In junior high, I was the last in my class to go through puberty. Before it happened I would spend many a painful night alone in bed, desperately searching under the covers with a flashlight and magnifying glass for that first pube. Then the day came, and I want to tell you it came with an effusive shout of joy, and maybe that did happen, but overall the feeling remained that I was somehow damned to always being the last in my class.
I bring this up because I’ve always thought of myself as a late bloomer, and so when I decided to seriously pursue the craft of Fiction at the age of thirty seven, I thought, man, you’re a fool to be starting this up at such a late stage in life. But the desire had been planted and the need to write has been hounding me ever since.
I keep at it, five, six days a week. After my morning cup of coffee, I sit at the desk, set a timer for two hours and get to work, whether it’s actually writing, or staring at the wall mulling over what I should be writing, and sometimes if I’m on fire at the end of the session, I’ll keep to the seat long after the night owl on the timer has taken off.
I will say some of my best ideas come when I’m far from my desk and my writing, but that’s only after a morning session. I need that morning session to get those words, ideas, sentences into my head. Then when I’m in the midst of other activities like reading, or scrubbing the dishes, or jogging in the park, that’s when sometimes a wellspring of ideas appear. Puzzle pieces to be set the next time I get to the desk, and they don’t always fit either, but either way they get me fired up for another writing session. It’s all part of the greater mystery to me. My part is to keep showing up at the desk.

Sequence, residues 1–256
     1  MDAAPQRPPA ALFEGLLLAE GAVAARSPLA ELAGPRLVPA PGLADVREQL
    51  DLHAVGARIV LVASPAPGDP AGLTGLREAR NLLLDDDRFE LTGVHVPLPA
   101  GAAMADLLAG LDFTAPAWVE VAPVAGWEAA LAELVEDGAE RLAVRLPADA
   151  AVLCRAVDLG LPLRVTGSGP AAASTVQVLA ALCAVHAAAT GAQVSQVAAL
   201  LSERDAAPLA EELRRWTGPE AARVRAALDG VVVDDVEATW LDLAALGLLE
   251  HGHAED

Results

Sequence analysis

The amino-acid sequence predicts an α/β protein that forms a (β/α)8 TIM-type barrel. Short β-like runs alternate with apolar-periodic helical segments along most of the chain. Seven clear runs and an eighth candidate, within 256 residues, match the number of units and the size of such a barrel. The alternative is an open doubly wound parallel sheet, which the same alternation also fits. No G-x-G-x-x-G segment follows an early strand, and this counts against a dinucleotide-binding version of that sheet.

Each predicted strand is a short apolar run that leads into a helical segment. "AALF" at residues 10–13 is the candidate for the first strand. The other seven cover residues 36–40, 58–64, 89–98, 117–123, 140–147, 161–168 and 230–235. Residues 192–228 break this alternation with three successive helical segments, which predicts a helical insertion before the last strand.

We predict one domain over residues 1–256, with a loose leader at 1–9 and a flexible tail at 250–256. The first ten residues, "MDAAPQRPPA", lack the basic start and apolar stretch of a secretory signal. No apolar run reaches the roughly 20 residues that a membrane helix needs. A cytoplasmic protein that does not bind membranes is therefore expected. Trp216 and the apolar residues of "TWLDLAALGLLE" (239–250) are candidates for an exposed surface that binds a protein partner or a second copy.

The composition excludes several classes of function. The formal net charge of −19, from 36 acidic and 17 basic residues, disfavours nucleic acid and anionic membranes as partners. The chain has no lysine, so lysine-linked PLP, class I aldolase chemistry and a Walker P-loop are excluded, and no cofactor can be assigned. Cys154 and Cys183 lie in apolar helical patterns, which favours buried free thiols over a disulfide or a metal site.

This is what I call my writing practice, and I’ve been doing it now for more than ten years, supporting my practice along with paying my bills by walking dogs in Greenwich Village, New York. Now it seems some of those stories are making their way beyond my desktop computer. I’m stoked about my new collection of stories: VOICES IN THE DIRT from Recital Publishing.
Also I have a southern gothic novel in the works. Imagine if Lynda Barry’s Cruddy and William Gay’s Provinces of Night had a wily niece in the piney lowlands of western North Carolina. Now, that’s all I’m going to say about that; got to keep the genie in the bottle, for now.
But you will find several of my stories here on this site from selected publications in BOMB magazine, Poached Hare, and The Strange Recital. I’m also a residency alum from the Edward F. Albee Foundation, and class alum from the Writers Studio, the Rivoli Institute of Literature and Pizza, Center for Fiction, and a 2007 graduate from the CUNY Baccalaureate for Unique and Interdisciplinary Studies.
I live in South Slope, Brooklyn, with my wife and our lovey-nutty dog Soup.